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Mystery change in satellite orbit blamed on Chinese debris strike may not be true (Updated)

11 Mar 2013, 15:14 UTC
Mystery change in satellite orbit blamed on Chinese debris strike may not be true (Updated)
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The mystery change in the orbital parameters of a small Russian satellite have now have been explained: it was apparently caused by a debris strike and the debris came from a Chinese anti-satelltie missile test. On 4 February, the Russian Institute for Precision Instrumenet Engineering reported that the 7.5kg BLITS (Ball Lens In The Space) passive laser reflector nanosatellite had had significantly changes to elements of its Sun-synchronous near-polar orbit, to its spin velocity and in is attitude and may have split into two tracked objects. It was only after analysis by the Centre for Space Standards and Innovation that the change was traced to a debris strike which occured on 22 January 2013. There remains doubt however about why the BLITS spacecraft only split into two parts rather than several pieces which is more usual after such a collision while other sources suggest that no collision occured.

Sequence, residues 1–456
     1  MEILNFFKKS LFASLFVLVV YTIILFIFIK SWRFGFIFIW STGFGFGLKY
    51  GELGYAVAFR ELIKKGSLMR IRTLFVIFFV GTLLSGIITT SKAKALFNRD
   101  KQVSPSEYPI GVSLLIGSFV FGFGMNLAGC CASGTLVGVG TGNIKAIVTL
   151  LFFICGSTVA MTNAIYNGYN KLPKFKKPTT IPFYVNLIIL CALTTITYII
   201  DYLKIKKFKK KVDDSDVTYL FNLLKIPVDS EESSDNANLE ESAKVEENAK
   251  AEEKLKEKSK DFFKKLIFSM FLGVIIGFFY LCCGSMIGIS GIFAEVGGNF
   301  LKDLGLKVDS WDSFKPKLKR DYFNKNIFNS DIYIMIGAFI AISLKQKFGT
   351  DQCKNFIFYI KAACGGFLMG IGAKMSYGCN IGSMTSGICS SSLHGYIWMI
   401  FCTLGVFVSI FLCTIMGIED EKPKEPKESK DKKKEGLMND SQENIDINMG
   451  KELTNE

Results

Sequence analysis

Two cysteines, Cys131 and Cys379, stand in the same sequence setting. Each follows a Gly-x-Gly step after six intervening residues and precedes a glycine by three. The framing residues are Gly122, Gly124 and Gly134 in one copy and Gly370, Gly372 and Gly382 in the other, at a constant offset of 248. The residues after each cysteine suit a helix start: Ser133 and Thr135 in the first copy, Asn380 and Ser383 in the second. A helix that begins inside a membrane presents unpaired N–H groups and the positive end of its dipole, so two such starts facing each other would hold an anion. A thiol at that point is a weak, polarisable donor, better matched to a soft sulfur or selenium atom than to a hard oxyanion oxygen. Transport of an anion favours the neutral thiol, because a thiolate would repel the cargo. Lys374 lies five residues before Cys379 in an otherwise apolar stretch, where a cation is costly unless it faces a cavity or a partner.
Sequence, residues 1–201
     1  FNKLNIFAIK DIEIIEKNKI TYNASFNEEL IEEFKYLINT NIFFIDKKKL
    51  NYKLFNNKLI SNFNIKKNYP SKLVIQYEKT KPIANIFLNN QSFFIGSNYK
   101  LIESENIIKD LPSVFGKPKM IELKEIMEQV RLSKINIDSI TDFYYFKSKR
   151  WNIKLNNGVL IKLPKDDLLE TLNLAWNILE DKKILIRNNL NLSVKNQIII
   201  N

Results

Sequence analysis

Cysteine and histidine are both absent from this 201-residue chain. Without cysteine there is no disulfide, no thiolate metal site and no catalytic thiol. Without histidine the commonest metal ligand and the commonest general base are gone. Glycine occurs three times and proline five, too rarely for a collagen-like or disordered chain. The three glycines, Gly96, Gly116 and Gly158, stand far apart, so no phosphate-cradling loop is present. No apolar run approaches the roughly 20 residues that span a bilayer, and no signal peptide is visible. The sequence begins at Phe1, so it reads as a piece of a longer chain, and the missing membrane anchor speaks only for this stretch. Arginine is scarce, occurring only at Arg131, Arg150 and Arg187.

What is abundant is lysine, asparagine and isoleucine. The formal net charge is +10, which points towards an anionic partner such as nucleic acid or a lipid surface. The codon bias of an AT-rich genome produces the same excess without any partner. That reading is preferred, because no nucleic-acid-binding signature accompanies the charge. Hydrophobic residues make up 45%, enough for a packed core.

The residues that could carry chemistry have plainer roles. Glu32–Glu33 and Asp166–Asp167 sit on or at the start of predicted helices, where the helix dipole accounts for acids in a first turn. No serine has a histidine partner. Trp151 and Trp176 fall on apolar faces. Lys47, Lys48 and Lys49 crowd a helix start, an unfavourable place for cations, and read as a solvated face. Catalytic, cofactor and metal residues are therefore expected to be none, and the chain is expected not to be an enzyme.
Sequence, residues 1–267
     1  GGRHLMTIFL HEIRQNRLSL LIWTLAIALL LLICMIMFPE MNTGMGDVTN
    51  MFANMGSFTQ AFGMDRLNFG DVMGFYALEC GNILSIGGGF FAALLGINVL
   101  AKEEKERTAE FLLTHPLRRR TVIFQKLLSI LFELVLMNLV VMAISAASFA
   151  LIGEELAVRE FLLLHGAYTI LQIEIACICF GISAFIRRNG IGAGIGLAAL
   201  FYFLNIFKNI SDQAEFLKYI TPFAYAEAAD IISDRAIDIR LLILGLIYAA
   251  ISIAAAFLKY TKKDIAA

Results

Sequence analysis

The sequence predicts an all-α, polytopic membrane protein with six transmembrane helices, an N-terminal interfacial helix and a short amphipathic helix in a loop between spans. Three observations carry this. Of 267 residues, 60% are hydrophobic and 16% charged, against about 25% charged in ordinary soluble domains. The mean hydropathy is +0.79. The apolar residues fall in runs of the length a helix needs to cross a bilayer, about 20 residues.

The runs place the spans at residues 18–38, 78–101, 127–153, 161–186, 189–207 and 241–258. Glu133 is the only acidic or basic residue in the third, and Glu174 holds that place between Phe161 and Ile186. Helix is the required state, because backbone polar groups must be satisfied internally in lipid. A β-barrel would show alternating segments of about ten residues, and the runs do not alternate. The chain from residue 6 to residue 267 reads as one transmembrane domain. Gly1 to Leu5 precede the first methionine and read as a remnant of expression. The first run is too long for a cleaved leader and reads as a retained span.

The original debris was alleged to be a piece of the 750kg Fengyun 1C retired weather satellite which had been deliberately destroyed in a Chinese anti-satellite missile test on 11 January 2013. The test which resulted in a large space debris cloud caused international protest.
US Defence sources subsequently noted ...

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